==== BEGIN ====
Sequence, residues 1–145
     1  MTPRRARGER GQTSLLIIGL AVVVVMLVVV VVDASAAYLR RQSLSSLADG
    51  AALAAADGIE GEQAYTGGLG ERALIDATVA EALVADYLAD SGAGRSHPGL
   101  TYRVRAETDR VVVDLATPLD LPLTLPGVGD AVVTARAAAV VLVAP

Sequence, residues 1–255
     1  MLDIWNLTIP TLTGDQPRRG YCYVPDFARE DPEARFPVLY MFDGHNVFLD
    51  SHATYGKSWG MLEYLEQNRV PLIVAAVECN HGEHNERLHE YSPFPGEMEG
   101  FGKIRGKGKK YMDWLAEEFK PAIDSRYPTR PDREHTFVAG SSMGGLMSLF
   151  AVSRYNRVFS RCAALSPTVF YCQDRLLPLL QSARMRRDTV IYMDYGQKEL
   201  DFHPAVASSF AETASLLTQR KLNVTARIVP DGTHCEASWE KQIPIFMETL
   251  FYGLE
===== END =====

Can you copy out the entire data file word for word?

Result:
Sequence, residues 1–145
     1  MTPRRARGER GQTSLLIIGL AVVVVMLVVV VVDASAAYLR RQSLSSLADG
    51  AALAAADGIE GEQAYTGGLG ERALIDATVA EALVADYLAD SGAGRSHPGL
   101  TYRVRAETDR VVVDLATPLD LPLTLPGVGD AVVTARAAAV VLVAP

Sequence, residues 1–255
     1  MLDIWNLTIP TLTGDQPRRG YCYVPDFARE DPEARFPVLY MFDGHNVFLD
    51  SHATYGKSWG MLEYLEQNRV PLIVAAVECN HGEHNERLHE YSPFPGEMEG
   101  FGKIRGKGKK YMDWLAEEFK PAIDSRYPTR PDREHTFVAG SSMGGLMSLF
   151  AVSRYNRVFS RCAALSPTVF YCQDRLLPLL QSARMRRDTV IYMDYGQKEL
   201  DFHPAVASSF AETASLLTQR KLNVTARIVP DGTHCEASWE KQIPIFMETL
   251  FYGLE